Dr. Akeel Moosa, Consultant Clinical Hematologist and Director of Lab at The Royale Hayat Hospital, obtained his PhD in Thrombosis and Haemostasis from the University of Sheffield, U.K. in 1990. He successfully practiced medicine in the U.K. since 1990 and acquired his fellowship with The Royal College of Pathologists in Clinical Haematology in 1996. Once his training was completely, Dr. Akeel was appointed as a Senior Consultant Clinical Hematologist at Dorset, UK, since 1997, a role he excelled in, until a year and a half ago when he joined The Royale Hayat family.

Why did you choose this particular field of medicine? There is something very unique about clinical hematology; it combines the practical aspect of medicine i.e. being a physician, as well as being a pathologist, which is working in the lab. It is actually the only discipline of medicine where a physician can treat a patient face to face, make diagnostic decisions as well as work in the lab. For example, for a patient with a specific blood condition, we can do everything from A-Z; starting with diagnosis to biopsy, if needed as well as starting treatment all under one clinic.

Let us start with the basics. How often should one get a regular blood checkup? Like with everything in medicine, opinions vary. Some may say that you do not need regular checkups until you reach the landmark age of 50. But in some cases, such as diabetes, regular checkups are crucial to detect intake of wrong medication or dosage, which could cause irreparable side effects, hence requiring regular monitoring. My personal thought is that if a person is young and healthy with no history of significant family health issues, regular checkups should start at 50. It is difficult to generalize as there is no plan that fits all. If a person is asymptomatic then they should take a blood test every three to five years.

What are the most common blood disorders in our region? The majority of the population of this country are of young age, so the main problem of blood nature would be anemia. Iron deficiency by far is the most popular. This is mostly because of the type of food we eat. Also, the social aspect, such as multiple pregnancies, is also a reason. Blood loss as a potentially serious cause of Anaemia that has to be ruled out. Another is hereditary anemia, like thalassemia and Sickle cell Disease.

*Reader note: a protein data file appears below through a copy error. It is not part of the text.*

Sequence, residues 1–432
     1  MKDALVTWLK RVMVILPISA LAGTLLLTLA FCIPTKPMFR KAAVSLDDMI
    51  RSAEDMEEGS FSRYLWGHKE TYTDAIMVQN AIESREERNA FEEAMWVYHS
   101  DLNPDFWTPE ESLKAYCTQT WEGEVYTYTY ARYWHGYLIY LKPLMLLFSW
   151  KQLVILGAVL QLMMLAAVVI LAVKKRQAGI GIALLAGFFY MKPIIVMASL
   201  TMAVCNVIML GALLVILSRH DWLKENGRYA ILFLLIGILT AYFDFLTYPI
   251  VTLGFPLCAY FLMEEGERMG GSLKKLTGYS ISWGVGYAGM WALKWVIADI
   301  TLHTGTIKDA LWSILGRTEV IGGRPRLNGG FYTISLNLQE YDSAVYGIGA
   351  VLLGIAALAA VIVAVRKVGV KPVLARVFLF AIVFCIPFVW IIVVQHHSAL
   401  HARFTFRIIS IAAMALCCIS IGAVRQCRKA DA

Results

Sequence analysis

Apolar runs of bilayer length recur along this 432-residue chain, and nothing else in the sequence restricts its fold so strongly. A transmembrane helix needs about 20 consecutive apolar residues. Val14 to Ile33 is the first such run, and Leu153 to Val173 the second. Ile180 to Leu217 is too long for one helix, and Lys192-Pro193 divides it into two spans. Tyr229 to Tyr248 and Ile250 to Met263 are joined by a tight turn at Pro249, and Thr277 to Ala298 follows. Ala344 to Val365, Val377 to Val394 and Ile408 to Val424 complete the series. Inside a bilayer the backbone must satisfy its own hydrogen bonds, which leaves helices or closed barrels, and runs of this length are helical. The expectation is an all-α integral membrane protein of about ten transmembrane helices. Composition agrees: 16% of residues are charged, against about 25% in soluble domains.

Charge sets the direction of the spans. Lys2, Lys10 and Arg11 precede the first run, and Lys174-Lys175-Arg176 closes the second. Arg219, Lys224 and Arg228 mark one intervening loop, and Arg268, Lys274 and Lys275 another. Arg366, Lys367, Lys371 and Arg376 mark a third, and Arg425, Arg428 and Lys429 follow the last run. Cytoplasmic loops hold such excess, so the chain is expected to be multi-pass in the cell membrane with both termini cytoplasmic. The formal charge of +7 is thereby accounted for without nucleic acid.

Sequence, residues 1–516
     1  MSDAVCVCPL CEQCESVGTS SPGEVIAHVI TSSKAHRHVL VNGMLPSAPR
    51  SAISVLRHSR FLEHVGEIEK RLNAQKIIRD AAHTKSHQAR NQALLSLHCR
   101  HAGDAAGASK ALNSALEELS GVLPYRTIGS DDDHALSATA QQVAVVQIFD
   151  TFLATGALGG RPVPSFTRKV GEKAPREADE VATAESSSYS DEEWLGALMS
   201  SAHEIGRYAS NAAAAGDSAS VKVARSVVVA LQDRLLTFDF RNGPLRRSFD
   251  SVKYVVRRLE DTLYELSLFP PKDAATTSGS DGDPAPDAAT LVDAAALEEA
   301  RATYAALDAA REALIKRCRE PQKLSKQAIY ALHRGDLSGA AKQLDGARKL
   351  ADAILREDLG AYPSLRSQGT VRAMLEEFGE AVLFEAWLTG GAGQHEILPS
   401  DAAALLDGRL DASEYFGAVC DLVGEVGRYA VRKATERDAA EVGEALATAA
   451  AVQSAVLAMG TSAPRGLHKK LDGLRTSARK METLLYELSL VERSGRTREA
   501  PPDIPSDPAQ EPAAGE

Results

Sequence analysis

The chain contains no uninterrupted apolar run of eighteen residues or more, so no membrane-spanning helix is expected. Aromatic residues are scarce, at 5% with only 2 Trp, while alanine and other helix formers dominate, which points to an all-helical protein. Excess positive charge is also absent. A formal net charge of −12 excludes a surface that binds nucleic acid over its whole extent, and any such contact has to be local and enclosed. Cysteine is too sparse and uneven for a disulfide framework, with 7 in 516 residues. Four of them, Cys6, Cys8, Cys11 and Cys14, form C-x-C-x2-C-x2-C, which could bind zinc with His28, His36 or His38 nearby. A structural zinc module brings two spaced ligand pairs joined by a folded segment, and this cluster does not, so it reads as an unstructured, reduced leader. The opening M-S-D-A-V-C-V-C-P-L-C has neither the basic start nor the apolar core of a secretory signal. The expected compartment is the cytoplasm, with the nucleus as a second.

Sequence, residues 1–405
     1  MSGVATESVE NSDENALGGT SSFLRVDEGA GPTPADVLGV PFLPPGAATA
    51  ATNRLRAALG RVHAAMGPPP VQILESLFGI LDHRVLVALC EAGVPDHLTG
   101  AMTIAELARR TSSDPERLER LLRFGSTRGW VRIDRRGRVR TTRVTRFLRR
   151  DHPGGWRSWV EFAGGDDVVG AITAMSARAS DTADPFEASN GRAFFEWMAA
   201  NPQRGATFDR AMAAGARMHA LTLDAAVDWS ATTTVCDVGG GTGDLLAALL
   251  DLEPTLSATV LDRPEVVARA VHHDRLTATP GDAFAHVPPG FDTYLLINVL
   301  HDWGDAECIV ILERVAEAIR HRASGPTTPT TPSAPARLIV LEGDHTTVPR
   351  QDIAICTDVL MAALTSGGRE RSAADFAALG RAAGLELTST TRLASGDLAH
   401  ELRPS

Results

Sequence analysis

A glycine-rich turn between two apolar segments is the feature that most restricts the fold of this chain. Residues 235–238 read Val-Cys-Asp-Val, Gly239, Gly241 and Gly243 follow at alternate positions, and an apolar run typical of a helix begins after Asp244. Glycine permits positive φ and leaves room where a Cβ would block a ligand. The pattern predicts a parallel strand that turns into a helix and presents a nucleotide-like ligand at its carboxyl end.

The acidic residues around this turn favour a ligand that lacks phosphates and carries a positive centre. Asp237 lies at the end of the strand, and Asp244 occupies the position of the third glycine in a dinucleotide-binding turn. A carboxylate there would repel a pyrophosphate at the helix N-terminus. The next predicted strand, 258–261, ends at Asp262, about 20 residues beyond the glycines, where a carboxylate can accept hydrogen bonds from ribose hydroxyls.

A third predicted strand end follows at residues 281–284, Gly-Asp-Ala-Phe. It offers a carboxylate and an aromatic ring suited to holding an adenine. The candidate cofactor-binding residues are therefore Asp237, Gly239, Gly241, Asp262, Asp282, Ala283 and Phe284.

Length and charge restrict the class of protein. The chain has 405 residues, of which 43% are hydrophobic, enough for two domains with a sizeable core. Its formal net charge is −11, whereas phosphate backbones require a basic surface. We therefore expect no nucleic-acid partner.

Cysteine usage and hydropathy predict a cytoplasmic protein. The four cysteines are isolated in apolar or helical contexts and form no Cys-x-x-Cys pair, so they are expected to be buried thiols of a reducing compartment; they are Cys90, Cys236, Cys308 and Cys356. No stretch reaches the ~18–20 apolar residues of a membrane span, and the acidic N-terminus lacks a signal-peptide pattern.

What are the first signs that show if a person is anemic? The main symptoms of significant anemia are caused by problems with oxygen delivery. So the patient may feel like he or she is lacking energy, is always tired and sleepy. Another side effect in cases of severe anemia would be breathlessness on exertion. For iron deficiency anemia, one will notice a negative impact on the health of the skin, hair and nails.

What precautions should we take to prevent anemia? Making sure the diet is balanced, making sure diet contain the essential minerals. For patients who have any one of the symptoms mentioned above, the patient should seek help.

What other blood related diseases can be affecting a person’s daily life? Anemia is one main aspect, which is a problem with red blood cells. When it comes to blood platelets, both low and high levels have their own consequences. Also, white blood cells’ main role is to defend our bodies from infections; if someone has very low levels of white blood cells they are more prone to have an infection.

What are your thoughts on multivitamins? Could they help with these problems? Generally speaking, if a person is eating a healthy diet, they would not need supplements. That is not always the case, unfortunately, as there are other aspects such as absorption. For example, tea interferes with the absorption of iron. Vitamin D deficiency is really important to check, as low levels of vitamin D can cause depression, weight gain, and loss of bone density. Some studies show that taking Folic Acid as a supplement can delay Alzheimer’s disease. Also, really good supplements to take are Omega 3s which tend to reduce the risk of heart diseases.

Words: Rawan Qabazard

Who is Dr. Akeel Moosa?

Consultant Clinical Hematologist and Director of Lab – Laboratory Service – The Royale Hayat Hospital

• PhD in Thrombosis and Haemostasis from University of Sheffield (United Kingdome)• PhD in Thrombosis and Haemostasis from University of Sheffield (United Kingdome)• Fellow of the Royal College of Pathologists in Clinical Haematology(FRCPath – Clinical Haem)